The Maple Leafs had it in abundance Saturday night and the Senators couldn't match it.
The Leafs overcame a two-goal deficit in the third period against Ottawa, eventually winning 4-3 on Darcy Tucker's overtime goal.
"The teams approached it with a different passion and the score was an indication (of that passion)," Senators coach Bryan Murray said Monday before his team left for New York, where it will play the Rangers on Tuesday night.
It's a statement that fans in Canada's capital likely won't want to hear since success in the playoffs depends on passion, intensity and killer-instinct.
Those three traits are chief among the things the Senators have been accused of lacking in the past when their promising regular seasons have repeatedly screeched to an abrupt halt in the post-season.
And with four defeats in their last five games - all after leading when heading into the final period and all against teams trailing the Senators in the standings - the most-recent collapse should be cause for alarm, even if Murray suggested it wasn't the most galling loss of the slide.
"The loss to Pittsburgh was worse," Murray shrugged, referring to last Tuesday when the Senators led 4-1 at home to the Penguins midway through the third period before Pittsburgh stormed back to tie the game and then won in a shootout.
With a mid-conference playoff berth all but locked up, the Senators haven't been able to match the intensity of teams that in most cases are still fighting for their playoff lives.
"It has a lot to do with the emotion of a given night," Murray said.
The Senators looked to have the problem solved when they went out and buried the Leafs 5-1 in the first game of a home-and-home series on Thursday in their strongest performance in some time.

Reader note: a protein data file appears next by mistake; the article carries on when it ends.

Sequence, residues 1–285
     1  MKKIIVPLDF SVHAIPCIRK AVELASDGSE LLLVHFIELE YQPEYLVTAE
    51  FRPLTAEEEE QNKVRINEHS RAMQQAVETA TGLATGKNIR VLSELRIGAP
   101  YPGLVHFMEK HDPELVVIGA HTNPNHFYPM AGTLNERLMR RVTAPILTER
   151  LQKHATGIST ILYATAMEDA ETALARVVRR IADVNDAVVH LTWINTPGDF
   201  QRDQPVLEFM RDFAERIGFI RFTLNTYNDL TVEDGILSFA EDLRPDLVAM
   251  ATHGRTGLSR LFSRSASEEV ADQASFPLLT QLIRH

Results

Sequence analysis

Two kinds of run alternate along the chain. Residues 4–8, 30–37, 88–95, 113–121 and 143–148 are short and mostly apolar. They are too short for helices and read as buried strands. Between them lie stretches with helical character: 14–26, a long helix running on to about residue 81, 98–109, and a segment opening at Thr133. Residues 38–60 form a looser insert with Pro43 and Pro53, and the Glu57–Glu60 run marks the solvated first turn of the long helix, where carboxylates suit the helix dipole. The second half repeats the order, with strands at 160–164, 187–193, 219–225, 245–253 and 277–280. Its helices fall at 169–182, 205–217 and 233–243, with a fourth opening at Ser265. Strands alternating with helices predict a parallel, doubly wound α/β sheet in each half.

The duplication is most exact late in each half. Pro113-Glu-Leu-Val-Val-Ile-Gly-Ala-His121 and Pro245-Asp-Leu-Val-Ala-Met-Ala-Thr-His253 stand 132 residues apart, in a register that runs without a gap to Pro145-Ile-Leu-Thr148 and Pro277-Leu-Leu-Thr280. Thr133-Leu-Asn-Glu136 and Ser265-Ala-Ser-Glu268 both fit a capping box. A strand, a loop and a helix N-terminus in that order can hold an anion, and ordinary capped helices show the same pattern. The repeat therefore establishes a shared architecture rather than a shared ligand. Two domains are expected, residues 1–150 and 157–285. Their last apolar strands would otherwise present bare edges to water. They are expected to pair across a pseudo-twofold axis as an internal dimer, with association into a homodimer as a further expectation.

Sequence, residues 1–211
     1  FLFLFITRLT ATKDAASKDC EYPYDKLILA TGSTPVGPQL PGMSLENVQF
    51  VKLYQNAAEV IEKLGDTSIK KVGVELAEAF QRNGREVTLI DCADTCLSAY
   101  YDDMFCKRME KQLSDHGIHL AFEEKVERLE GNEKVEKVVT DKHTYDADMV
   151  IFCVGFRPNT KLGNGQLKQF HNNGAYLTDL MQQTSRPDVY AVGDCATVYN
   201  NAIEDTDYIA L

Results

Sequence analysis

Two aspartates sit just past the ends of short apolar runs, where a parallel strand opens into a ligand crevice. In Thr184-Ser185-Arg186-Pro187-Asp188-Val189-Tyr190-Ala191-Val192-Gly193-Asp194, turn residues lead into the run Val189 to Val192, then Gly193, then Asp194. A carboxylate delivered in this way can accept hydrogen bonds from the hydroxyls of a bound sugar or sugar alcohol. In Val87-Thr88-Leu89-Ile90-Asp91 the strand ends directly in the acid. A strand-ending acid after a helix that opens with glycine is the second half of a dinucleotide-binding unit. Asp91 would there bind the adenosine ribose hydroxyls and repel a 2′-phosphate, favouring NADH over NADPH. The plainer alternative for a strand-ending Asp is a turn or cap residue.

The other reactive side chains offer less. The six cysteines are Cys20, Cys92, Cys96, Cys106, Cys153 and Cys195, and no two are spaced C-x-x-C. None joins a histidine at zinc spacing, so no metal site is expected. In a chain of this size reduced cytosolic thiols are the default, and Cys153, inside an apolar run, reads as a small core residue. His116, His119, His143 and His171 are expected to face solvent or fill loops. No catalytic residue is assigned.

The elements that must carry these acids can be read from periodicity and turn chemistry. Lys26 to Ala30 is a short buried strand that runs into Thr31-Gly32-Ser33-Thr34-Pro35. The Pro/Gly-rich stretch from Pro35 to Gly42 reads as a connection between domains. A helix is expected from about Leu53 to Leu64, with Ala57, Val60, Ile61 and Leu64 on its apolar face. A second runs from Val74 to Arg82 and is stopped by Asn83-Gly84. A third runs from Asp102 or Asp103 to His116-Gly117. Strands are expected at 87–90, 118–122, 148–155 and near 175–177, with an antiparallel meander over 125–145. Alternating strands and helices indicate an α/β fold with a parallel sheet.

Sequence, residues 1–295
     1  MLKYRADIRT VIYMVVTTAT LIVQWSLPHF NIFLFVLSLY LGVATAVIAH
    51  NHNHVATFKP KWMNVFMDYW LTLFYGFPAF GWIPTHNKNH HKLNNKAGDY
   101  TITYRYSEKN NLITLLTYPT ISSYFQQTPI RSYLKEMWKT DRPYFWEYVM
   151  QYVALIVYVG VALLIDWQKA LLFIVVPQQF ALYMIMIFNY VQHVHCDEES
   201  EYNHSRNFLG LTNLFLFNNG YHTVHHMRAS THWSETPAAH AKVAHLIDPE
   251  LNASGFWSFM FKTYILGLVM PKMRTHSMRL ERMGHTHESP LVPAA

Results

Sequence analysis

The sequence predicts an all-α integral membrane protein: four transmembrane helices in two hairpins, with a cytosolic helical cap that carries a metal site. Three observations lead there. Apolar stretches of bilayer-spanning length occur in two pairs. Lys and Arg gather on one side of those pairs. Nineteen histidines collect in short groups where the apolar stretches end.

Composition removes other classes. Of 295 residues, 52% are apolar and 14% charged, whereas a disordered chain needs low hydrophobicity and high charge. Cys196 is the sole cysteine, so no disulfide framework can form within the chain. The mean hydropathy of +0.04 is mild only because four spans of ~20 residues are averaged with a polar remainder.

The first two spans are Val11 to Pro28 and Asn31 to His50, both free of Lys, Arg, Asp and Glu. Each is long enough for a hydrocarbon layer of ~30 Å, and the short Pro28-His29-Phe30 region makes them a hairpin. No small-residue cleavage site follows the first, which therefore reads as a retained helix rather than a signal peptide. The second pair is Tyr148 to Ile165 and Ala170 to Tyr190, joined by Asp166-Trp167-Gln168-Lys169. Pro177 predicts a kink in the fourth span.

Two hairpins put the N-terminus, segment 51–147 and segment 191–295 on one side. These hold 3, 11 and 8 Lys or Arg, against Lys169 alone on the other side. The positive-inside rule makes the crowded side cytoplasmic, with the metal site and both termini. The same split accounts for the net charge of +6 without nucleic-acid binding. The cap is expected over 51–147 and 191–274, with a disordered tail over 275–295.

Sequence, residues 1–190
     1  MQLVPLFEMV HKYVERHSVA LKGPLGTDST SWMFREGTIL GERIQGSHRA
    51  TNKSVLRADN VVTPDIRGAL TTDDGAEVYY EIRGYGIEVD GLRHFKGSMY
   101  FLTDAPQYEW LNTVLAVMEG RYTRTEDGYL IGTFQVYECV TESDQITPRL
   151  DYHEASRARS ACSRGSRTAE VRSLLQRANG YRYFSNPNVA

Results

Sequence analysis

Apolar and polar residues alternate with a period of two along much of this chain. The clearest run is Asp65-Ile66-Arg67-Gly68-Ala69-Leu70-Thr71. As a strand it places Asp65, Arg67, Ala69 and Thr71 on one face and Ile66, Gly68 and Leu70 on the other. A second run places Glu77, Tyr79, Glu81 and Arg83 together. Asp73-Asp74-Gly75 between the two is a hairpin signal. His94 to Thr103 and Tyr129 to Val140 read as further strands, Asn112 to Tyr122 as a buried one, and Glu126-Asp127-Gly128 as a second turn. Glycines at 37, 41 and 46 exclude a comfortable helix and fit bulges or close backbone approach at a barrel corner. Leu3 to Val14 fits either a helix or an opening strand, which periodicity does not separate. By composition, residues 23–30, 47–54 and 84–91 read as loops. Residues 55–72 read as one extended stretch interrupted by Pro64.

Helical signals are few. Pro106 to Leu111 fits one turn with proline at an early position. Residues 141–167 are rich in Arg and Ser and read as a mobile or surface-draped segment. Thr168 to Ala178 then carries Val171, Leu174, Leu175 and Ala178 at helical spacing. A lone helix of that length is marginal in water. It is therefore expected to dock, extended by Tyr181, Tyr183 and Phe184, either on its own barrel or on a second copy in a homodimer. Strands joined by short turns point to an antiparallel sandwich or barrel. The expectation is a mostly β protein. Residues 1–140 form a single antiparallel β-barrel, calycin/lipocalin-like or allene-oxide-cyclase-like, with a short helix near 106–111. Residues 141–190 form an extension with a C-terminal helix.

But Toronto was able to respond two nights later while Ottawa couldn't.
With 13 games to go, the Senators are hoping they'll be able to buck the trend before it's too late.
"Each game is so important now. You've got to have that in mind," Senators defenceman Wade Redden said. "Because when you get into the playoffs, every little thing can turn a game or a series around."
Their task will be easier with the news Tuesday that defenceman Anton Volchenkov, who played just 90 seconds Saturday after suffering a badly broken nose in a collision, is expected to play.
The 25-year-old Russian, who's emerged as arguably Ottawa's most valuable blue-liner this season, underwent a procedure on Sunday to repair the damage and practised wearing a full cage Monday.
His absence would have deprived the Senators of one-half of their top defensive duo. Playing alongside Chris Phillips, Volchenkov averages more than 21 minutes of ice time per game, leads the league in blocked shots with 237 and is 13th in hits with 175.
"Anton was a big loss for us Saturday night," Murray said. "(The Leafs) got their forecheck on us and we didn't have the match-up quite the same way."